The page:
48. in order for CO2 to enter the cells in the leaf what is needed?
    CO2 must go into solution, so must be in contact with a moist surface
  49. the transpiration of the vine from the leaves happens through the ...
  50. in the light stomata are normally open or closed?
  51. how can the vine regulate the use of water through the stomatas?
    by opening and closing the guard cells of the stomata
  52. if the vine is low in water the stomatas will partially...
  53. besides water levels, what other factors affect the transpiration (how much water is transpired)? (4)
    • 1.light intensity
    • 2.air temperature
    • 3.humidity
    • 4.wind speed
  54. water loss is primarily used for two purposes: which ones?
    • 1. aid photosynthesis (moisture necessary for the CO2 to be into solution and enter the cells)
    • 2.avoid overheating (cooling by evaporation)
  55. the greatest use of water by far is to provide the energy sink for...
    cooling by evaporation
  56. vines avoid overheating by using heat (that would generate high temperatures) to...
    evaporate water from inside the leaves
  57. in a cluster, the first branch is called...
  58. sometimes the wings are ...
    removed from the cluster
  59. what are 'jacks'? and what happen to them during crushing?
    the jacks are the small branches attached to the rachis that holds the berries through the pedicles
  60. what color are the jacks and what you should do with them?

    they should be removed (contribute to green flavors)
  61. T/F  there are conflicting data about the rate growth of trunk and roots
  62. when the growth rate of the shoots is greatest and when declines?
    greatest just after budbreak but continues to decline after approx. 20 days
  63. how many days pass until the rate growth of shoots almost stops?
  64. the growth rate of shoots almost stops in correspondence of ...
    veraison (but this is not always the case)
  65. what is our goal in terms of growth rate of shoots and veraison?
    shoot should stop grow at veraison
  66. berry growth starts at about how many days after budbreak?
    approx. 55 days
  67. after how many days after budbreak the berry growth reaches its peak?
    80 days after bb
  68. describe the curve that represents the berry growth rate
    2 peaks (80 and 120 days) and 2 stops (95?, 175?)
  69. veraison happens at approx how many days after budbreak?
    110 days
  70. how many phases can you distinguish when looking at the berry growth rate?
    • 3 phases:
    • 1. phase 1
    • 2. phase 2 or lag phase with no growth (at veraison?)
    • 3. phase 3 (from veraison to just before harvest)
  71. when phase 1 for berry growth rate takes place?
    after berry set which is 55 days after budbreak
  72. when phase 2 or lag phase for berry growth rate takes place?
    just before veraison (no growth)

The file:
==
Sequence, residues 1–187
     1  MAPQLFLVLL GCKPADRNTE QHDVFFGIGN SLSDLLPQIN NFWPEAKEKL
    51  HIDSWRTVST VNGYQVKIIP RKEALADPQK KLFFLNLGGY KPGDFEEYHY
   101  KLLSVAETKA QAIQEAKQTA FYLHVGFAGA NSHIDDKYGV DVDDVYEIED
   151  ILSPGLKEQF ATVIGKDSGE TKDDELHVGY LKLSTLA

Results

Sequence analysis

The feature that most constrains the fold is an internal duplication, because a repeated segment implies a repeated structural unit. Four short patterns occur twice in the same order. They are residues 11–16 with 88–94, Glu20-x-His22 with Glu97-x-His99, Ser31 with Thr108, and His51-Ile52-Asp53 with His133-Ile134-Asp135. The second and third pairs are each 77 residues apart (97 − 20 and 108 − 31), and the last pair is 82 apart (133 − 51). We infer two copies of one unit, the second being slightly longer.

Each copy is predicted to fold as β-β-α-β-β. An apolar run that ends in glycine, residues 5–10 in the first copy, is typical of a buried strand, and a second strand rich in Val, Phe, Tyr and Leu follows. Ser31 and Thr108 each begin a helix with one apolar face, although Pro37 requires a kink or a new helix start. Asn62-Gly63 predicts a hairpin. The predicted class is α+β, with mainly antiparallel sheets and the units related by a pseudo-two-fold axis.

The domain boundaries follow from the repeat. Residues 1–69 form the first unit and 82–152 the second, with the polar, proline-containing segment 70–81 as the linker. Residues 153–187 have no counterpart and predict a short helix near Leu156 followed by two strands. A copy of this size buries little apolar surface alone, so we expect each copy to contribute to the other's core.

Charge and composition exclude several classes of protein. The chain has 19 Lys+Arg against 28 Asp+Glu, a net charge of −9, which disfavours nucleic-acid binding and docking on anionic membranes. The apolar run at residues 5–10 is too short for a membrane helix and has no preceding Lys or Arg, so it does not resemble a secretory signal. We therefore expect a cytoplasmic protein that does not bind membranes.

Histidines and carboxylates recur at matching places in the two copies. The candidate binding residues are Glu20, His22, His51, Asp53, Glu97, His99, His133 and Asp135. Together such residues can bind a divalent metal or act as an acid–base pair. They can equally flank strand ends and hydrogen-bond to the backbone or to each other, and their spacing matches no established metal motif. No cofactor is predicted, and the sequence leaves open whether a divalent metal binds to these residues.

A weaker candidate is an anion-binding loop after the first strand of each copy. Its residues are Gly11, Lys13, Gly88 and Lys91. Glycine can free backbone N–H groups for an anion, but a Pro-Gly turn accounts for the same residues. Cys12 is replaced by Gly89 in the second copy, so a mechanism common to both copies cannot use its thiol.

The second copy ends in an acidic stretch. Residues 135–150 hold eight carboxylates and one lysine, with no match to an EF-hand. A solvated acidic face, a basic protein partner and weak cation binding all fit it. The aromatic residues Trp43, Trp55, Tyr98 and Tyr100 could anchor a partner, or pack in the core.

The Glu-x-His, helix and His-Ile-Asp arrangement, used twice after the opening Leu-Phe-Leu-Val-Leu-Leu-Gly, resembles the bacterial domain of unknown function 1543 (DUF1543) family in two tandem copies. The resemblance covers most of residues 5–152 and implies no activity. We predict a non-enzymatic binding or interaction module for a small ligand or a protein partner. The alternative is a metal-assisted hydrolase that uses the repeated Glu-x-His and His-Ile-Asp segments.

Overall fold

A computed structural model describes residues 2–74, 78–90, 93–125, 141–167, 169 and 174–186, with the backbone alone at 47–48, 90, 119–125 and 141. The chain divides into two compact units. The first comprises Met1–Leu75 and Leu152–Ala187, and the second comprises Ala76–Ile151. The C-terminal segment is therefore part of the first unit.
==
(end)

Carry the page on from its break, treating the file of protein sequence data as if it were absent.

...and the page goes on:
73. when phase 3 of berry growth rate takes place?
    between veraison until shortly before harvest
  74. phenological stages for the vine are...
    growth stages of the vine
  75. veraison can be defined as the transition in berry growth rate from … to ...
    from stage 2 (lag phase) to phase 3
  76. veraison is generally considered the beginning or onset of ...
    berry ripening
  77. veraison results in several physiological changes that occur very rapidly. Within how many hours?
    24 to 48 hours
  78. list the changes that occur in berry during veraison (6)
    • 1. softening
    • 2. decrease in malate
    • 3. increase of pH
    • 4. sugars begin to accumulate
    • 5. anthocyan synthesis (colored varieties)
    • 6. increase of dry weight
  79. the term veraison can be used to refer to the resumption of growth, which means the beginning of which phase?
    phase 3
  80. what is shoot tipping?
    remove the tips of the shoots at flowering
  81. why shoot tipping should be performed?
    increase the set of flowers into berries
  82. besides hormones, what is also very important for the berry set (flower set into berries)?
  83. T/F there are competitive effects btw shoots and clusters
  84. T/F varietal and clonal factors affect berry set
  85. what variety is notorious for having a year-to-year too extreme variation in crop (hard time setting)?
  86. what helped Californian Malbec to improve berry setting?
    • 1. shoot tipping
    • 2. new clones from France
  87. after budbreak the main and only leaf area is the …. leaf area
  88. T/F when the summer lateral develop the leaves produced by summer lateral shoots contribute significantly to the total lead area
  89. the amount of lateral leaf area (lateral shoot growth) is dependent on two factors: ...
    • 1. variety
    • 2. balance of the vine (vegetative vs reproductive)
  90. what is the goal in terms of summer lateral (lateral shoot growth) vs balance of the vine?
    not too many laterals or not too-developed laterals
  91. after veraison what happens to the big canes?
    harden, lignify, become brown
Card Set
viticulture Lesson 1.1
first wk lesson